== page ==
Clip from Pittsburgh's North Hills News Record in 1993 with the headline "“PCRG challenges financial institution lending practices."

Pittsburgh News Coverage of the Community Reinvestment Group

"PCRG challenges financial institution lending practices,” Pittsburgh, Dec. 22, 1993.

Picture of the 1988 headline in the New Pittsburgh Courier “Bank Gives Boost to Black Areas"

Pittsburgh Newspaper Article “Bank Gives Boost to Black Areas”

“Bank Gives Boost to Black Areas,” New Pittsburgh Courier, Pittsburgh, July 2, 1988.

Picture of the title page of Edward Waring's book "Remarks on the Uses of Some of the Bazaar Medicines and Common Medical Plants of India"

Edward Waring on Borax as medicine in India

Waring published the book in several Indian languages and another publication Supplement to the Pharmacopoeia of India, written by Moodeen Sherriff, an Indian doctor working for the colonial administration, provided the translations and medical plant knowledge in 14 different languages.

Picture of the title page of Edward Waring's book "Remarks on the Uses of Some of the Bazaar Medicines and Common Medical Plants of India"

Edward Waring on Assafœtida as medicine in India

Medical publications appealed to a medical and popular audience in the hopes of providing surgeons with tips on how to obtain similar drugs and medicine in local bazaars which could not be obtained elsewhere. Waring compiled local and indigenous medical knowledge and provided the Latin and local name of each medicine found in markets in southern India.

Several pages taken from the Veritable Records of the Chosŏn Dynasty

Veritable Records of the Chosŏn Dynasty

In the twenty-first century, we are used to post-Westphalian norms of inter-state equality and noninterference. These norms, however, did not apply to interstate relations between the Qing empire and its tributary states.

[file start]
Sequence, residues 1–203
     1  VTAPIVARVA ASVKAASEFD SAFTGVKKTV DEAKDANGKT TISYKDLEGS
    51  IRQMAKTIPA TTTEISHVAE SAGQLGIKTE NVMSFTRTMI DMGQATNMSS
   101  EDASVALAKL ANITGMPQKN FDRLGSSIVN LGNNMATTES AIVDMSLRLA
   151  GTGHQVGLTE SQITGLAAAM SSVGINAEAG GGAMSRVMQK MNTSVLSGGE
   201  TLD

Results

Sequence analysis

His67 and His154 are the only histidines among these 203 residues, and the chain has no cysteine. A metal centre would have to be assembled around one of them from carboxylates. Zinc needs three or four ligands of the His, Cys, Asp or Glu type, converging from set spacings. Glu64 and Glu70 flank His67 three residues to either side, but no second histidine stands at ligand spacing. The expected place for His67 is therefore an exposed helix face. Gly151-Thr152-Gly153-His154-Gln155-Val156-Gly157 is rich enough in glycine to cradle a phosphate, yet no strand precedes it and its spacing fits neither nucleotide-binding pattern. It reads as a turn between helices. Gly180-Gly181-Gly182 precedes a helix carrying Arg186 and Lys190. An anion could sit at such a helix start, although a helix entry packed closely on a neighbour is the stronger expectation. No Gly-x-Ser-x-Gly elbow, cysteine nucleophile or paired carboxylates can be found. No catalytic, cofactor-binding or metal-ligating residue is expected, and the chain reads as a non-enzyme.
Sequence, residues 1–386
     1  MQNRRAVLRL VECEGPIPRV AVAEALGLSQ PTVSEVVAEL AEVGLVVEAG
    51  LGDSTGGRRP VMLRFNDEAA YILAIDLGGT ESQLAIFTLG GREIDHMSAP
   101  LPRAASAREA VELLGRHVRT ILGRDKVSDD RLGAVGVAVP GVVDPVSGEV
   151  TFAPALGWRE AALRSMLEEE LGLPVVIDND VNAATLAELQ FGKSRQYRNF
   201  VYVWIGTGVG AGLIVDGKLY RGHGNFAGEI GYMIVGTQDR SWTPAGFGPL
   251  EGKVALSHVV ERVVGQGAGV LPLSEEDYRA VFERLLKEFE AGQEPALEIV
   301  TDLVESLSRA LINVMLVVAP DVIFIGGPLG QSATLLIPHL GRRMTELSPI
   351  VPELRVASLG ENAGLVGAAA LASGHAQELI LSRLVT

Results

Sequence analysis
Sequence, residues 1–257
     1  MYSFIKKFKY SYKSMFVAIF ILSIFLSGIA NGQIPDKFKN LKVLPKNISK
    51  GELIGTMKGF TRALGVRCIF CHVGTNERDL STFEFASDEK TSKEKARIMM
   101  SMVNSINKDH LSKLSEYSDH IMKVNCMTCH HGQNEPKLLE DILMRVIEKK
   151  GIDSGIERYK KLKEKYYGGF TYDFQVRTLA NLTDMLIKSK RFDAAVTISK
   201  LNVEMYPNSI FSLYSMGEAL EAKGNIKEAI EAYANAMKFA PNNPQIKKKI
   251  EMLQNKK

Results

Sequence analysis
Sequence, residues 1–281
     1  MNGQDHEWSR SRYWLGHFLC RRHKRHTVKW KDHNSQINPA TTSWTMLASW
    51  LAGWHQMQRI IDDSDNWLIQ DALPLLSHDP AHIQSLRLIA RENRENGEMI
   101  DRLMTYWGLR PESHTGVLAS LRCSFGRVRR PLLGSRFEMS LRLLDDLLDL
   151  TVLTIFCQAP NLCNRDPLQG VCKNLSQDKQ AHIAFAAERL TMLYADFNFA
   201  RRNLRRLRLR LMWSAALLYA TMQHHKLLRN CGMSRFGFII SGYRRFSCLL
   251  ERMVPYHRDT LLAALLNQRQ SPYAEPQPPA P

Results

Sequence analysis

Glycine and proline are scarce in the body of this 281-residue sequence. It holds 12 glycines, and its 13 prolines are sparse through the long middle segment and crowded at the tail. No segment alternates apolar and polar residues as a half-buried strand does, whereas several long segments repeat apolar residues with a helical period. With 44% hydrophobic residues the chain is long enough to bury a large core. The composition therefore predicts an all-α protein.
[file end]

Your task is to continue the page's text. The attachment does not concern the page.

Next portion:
Page from the Pentaglot Manchu Glossary from

Page from the Pentaglot Manchu Glossary

The Qing empire was founded by the Manchus, and they used a language and a script that were distinct from those used in China Proper. From the 1630s to the 1760s, the Manchus went on to build an early modern empire consisting of its core of China Proper as well as the Inner Asian frontiers such as Manchuria, Mongolia, Tibet, and Xinjiang.

Page from the Qing Veritable Records

Page from Qing Veritable Records

The Qing court used a twelve-month lunar calendar based on the sexagenary cycle, distinct from the solar Gregorian calendar used by most of the world today. This page from the Qing Veritable Records (Da Qing shilu) provides a good example. Here, the date is given in the following format: Qianlong year 2, dingsi [year], month 4, jiaxu [date].

US pamphlet parody of Nicaraguan dictator Anastasio Somoza Debayle

Somoza cartoon

This pamphlet cover, published in 1978 by a U.S. solidarity organization, is a fantastic focal point for exploring periodization in the history of U.S.-Nicaraguan relations. It depicts a cartoonish parody of the Nicaraguan dictator Anastasio Somoza Debayle being propped up by the legs of the U.S. eagle.

1987 letter from the Nicaraguan embassy to Richland County Citizens for Peace and Justice

Letter from the Nicaraguan embassy

This 1987 letter from the Nicaraguan embassy to Richland County Citizens for Peace and Justice, RCCPJ, a Wisconsin solidarity organization, highlights the ways in which non-state actors can craft impactful foreign policies.

Frontpage of the French pamphlet Femmes Nicaragua

Femmes Nicaragua

This pamphlet is an excellent example of the alternative diplomacy pursued by the  FSLN in its struggle with the United States government in the 1980s.

First letter from the British military officer and diplomat Atkins Hamerton on British merchants in the East

1841 Letter from Atkins Hamerton

Atkins Hamerton (d. 1857) was a British military officer and diplomat, who served as the first British Consul to the Omani Empire based in Zanzibar. He left behind thousands of pages of sources, presently scattered between archives in the U.K., Zanzibar, and India.